Clematis are amongst the most prized of all climbing plants, and the large flowered hybrids can be most spectacular when well placed m the garden. But they can be annoyingly temperamental in establishing themselves, so time spent in preparing the soil, which should be a good garden loam with the addition of well rotted manure, peat or garden compost, and choice of planting position should be amply repaid by success.

Often the soil conditions chosen for planting Clematis is far from ideal, soils in beds at the base of walls can often be ‘hungry’ and very dry. Similarly soil around tree trunks and established shrubs can be impoverished and since Clematis are gross feeders mulching annually with well rotted manure, peat or compost, plus an adequate supply of water in dry conditions is essential.

Since all our Clematis are grown in pots, they may be planted at any time of the year, although it is wise to avoid the cold period between December and February. Clematis should be planted with their roots in the shade and the flowers in the sun. Therefore when planting Clematis to ramble through shrubs and trees, plant on the shady side, and when planting to climb a wall, plant a small shrub in front to shade the roots or place a large stone or slate in front of the plant.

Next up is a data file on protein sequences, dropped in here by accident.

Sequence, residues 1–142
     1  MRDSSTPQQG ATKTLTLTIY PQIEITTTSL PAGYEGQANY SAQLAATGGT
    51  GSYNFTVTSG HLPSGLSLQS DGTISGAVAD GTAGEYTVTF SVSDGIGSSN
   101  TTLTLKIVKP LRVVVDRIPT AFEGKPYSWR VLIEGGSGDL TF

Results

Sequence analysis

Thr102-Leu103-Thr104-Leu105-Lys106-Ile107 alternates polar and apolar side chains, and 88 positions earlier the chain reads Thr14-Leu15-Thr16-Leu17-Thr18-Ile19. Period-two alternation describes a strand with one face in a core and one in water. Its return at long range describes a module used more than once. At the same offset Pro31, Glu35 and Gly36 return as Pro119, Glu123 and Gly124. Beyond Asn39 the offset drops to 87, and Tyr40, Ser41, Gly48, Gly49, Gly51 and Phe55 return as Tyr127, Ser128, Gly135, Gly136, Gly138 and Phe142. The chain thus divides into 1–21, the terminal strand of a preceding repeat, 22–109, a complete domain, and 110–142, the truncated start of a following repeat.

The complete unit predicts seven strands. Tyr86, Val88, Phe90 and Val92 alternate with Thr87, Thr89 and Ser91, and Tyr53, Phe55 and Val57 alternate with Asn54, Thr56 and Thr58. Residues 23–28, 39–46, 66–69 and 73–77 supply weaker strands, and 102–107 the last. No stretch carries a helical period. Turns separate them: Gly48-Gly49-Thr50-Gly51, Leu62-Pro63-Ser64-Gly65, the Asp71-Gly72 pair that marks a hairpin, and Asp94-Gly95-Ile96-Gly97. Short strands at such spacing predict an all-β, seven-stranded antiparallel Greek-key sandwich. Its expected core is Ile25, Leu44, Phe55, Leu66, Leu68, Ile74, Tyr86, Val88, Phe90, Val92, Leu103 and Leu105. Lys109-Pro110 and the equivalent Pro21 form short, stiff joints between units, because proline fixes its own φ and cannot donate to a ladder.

Generally speaking. Clematis are best planted in full sun, the sun ripens the wood and they flower profusely. But there are varieties which will do equally well on north facing aspects The flowers of varieties such as Nelly Moser, Mrs Hope, Barbara Jackman tend to fade when exposed to the sun, but in a shady position their natural colouration remains.

Clematis range in colour from white through pink and red to every shade of blue and purple; their uses are legion, and we suggest a few of these below: (a) climbing up the walls of houses and sheds, lb) on porches, pergolas, arches and low walls,

(c) among pillars or ‘tripods’ in the shrub border,

(d) over spring flowering shrubs and low forking trees,